Adam Rippon Scores Bronze Medal in Figure Skating after Breathtaking Performance!

Figure skater Adam Rippon has pretty much been giving us life both before and during the 2018 Winter Olympics, but last night really brought us the cherry on top of the already fabulous cake.

Rippon scored his first ever medal, a bronze, after his flawless performance in Pyeongchang, South Korea.  The song in which he performed to was Coldplay's "O" off of their 2014 album Ghost Stories.

As thrilling as this is for him, there has been widespread frustration at how the judges scored him at a lower level than the two who received Gold and Silver medals that evening: Patrick Chan of Canada and Mikhail Kolyada for Olympic Athletes of Russia.

Both Kolyada and Chan fell during their performances, something Rippon didn't do, but the judges felt that their routines had a higher level of difficulty than Rippon's which led to the higher scores (even with their missteps).  This led to several Twitter users, including Saturday Night Live's Leslie Jones, to voice their frustrations online regarding the outcome.

Regardless, Rippon has clearly become the star of the 2018 Winter Olympics, as his outspokenness regarding his feelings towards homophobic Vice President Mike Pence and his incredible performance last night proves what a force he has become in the LGBTQ community.  Congrats Adam on a job well done!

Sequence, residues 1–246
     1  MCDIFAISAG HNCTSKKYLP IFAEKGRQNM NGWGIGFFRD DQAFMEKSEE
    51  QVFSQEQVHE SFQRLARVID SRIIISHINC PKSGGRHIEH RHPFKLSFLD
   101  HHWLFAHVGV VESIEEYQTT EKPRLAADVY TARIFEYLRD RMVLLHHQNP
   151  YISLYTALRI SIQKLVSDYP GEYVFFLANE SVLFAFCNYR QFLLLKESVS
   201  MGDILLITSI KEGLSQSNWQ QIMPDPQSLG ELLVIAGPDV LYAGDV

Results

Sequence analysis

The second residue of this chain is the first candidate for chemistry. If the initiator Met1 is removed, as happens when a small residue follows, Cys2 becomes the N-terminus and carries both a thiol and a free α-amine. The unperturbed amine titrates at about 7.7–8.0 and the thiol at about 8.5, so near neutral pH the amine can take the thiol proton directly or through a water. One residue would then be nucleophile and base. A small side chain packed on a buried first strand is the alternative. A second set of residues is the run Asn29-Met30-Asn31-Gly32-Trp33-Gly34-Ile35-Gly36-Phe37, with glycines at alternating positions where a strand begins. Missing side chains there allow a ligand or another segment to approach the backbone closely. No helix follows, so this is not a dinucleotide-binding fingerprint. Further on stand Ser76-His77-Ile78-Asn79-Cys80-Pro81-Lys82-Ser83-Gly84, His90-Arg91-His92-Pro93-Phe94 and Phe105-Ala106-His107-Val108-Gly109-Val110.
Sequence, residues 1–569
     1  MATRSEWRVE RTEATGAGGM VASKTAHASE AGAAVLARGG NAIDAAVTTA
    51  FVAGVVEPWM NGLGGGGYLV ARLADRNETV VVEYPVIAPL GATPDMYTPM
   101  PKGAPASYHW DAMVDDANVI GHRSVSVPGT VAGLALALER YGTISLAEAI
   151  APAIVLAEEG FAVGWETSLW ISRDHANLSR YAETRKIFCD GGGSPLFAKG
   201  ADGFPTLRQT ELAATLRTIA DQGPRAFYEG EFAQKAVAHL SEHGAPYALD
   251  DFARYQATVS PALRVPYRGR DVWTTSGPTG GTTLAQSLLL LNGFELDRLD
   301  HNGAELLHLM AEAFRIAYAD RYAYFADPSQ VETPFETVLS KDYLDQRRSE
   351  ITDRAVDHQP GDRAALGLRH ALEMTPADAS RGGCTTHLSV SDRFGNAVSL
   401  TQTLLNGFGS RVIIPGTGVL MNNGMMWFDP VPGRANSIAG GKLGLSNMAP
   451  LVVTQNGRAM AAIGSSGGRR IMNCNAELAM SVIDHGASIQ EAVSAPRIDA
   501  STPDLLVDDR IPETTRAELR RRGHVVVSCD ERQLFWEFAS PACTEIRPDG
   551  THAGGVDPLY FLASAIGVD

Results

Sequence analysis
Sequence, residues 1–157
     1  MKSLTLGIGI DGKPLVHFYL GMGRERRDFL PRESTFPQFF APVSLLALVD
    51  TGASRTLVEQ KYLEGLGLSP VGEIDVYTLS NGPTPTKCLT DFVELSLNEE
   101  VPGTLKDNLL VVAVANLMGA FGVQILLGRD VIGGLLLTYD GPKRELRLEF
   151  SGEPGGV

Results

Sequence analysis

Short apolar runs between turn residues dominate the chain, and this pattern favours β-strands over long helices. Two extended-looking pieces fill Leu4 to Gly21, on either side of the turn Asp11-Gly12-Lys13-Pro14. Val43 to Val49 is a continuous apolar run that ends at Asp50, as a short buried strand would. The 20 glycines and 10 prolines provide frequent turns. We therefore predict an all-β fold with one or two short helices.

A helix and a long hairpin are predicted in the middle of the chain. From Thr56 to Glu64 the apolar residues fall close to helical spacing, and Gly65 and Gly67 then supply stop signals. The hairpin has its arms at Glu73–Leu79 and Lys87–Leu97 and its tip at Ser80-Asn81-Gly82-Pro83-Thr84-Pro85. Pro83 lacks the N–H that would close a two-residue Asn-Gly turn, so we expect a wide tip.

For those of us who follow figure skating, we're both happy and unhappy about Adam Rippon at the Olympics. His being on the team is a matter of skating politics (the unhappy) but he's also underrated and at times unappreciated (why we're happy he's in Korea). He's also strikingly handsome. As little as a year ago he was boy next door cute but now he's an adult and his performance was mature. Now he did an amazing job  last night, but the team event is like junk food, enjoyable but not always satisfying. The men's single event is what he's there for and what matters, so I hope the media does not follow his every move as they have done to other skaters so that he loses his concentration. Skating commentators love building up potential medalists, treating them like celebrities, then love to be faux sympathetic when they crash and burn.

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